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Rat and mouse poison toxic for cats

Unfortunately, it is not uncommon for rat and mouse poison to taste good to both cats and dogs. Even a small dose of rat poison is very dangerous for cats to ingest, even if they catch mice or rats that have ingested the poison themselves. Cat poisoning due to rat poison often looks very serious and, depending on the poison the cat has ingested, the symptoms may either come a little later, or it may go away. Typically, rat and mouse poisons contain substances that prevent the blood from leeching, leading to the risk of internal bleeding in the abdomen, lungs and other organs, while newer pesticides that are effective against mice, such asfor example, also known as Alpha Chloralose, can have a direct effect on the nervous system and make our animals so sick that they unfortunately do not survive.
There are two categories of rat and mouse poison that cause different types of symptoms.
Warfarins - are an older type of rat poison that is still used. It works by causing increased bleeding in rodents and produces the same symptoms in cats. If you suspect that your cat has come into contact with the poison, you must go straight to the vet for an examination.
Symptoms may include increased bleeding, can sometimes be seen as blood in vomit, diarrhoea or bleeding in the skin or mucous membrane, fatigue.The poisoning leads to internal bleeding as blood coagulation is inhibited. If treatment is initiated in time, antidote is available, but it must be given for several weeks after exposure. The poisoned cat is treated symptomatically and supportively, depending on the degree of poisoning. The cat may require several days of inpatient care and some may even require blood transfusion. Symptoms of warfarin poisoning often appear a day or so after the cat has ingested the poison.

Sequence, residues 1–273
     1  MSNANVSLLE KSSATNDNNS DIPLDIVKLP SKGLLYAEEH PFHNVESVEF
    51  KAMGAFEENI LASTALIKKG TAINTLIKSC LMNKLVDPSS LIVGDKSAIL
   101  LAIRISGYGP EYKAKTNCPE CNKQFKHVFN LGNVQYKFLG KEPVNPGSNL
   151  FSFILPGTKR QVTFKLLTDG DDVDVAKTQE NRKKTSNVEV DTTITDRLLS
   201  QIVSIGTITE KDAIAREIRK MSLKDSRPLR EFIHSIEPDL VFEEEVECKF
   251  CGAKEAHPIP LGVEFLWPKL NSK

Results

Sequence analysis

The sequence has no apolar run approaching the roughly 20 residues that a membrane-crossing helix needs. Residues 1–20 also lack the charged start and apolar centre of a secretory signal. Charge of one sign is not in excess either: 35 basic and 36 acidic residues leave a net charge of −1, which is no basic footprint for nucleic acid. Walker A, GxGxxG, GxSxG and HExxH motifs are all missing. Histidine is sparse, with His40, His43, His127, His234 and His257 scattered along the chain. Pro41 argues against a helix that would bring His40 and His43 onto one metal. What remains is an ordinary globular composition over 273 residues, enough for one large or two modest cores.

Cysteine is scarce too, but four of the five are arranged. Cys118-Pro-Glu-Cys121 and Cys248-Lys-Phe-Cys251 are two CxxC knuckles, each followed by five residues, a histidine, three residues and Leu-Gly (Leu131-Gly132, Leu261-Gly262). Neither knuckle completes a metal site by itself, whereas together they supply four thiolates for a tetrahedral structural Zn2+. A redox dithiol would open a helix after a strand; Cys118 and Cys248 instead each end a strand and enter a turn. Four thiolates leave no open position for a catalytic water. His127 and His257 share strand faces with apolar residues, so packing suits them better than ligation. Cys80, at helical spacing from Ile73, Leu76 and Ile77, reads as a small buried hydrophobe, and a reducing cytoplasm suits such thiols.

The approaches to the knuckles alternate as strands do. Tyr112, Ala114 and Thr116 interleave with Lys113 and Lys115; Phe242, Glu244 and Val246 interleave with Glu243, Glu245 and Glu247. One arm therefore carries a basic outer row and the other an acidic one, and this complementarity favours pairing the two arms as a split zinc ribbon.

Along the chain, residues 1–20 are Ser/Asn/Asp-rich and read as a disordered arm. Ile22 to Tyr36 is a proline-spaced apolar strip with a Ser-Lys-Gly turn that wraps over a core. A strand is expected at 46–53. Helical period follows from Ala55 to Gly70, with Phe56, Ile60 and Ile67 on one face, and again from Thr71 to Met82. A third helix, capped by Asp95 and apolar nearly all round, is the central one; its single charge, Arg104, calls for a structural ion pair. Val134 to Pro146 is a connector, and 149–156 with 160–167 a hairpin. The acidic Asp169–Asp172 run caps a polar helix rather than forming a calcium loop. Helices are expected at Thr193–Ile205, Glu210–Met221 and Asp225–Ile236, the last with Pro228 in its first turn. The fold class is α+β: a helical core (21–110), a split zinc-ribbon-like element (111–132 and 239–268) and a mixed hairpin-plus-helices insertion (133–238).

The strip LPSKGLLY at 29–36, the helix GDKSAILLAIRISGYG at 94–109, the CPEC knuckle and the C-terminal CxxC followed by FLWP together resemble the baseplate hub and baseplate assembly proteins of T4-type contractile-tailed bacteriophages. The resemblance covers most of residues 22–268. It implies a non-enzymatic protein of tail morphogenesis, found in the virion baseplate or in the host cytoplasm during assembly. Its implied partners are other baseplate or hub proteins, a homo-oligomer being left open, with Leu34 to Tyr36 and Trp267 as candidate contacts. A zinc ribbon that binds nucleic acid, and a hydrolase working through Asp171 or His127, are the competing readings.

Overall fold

Alpha-chloralose - is a newer type of mouse poison that acts very quickly if ingested by the cat. It affects the nervous system of our cats and if ingested in large quantities, the cat can go into a coma. If the cat ingests alphachloralose, neurological symptoms may occur, such as convulsions, the cat may become unconscious, go into a coma and in some cases die. There is no antidote, the cat is treated supportively by the vet, often in an intensive care unit. A cat that has been poisoned by alphachlorosis can, in some cases, be saved, but decisive for the prognosis is the amount of ingestion and how quickly the cat receives treatment. If exposure is suspected, it is important that you go to the vet urgently with your cat.
If you have mice and rat poison in your home, it is important that it is kept in locked cupboards or in areas that the cat cannot access. However, it can unfortunately be difficult to prevent your cat from ingesting rat and mouse poison, especially if they roam freely outdoors. If you suspect that your cat has been poisoned, go to the vet urgently.

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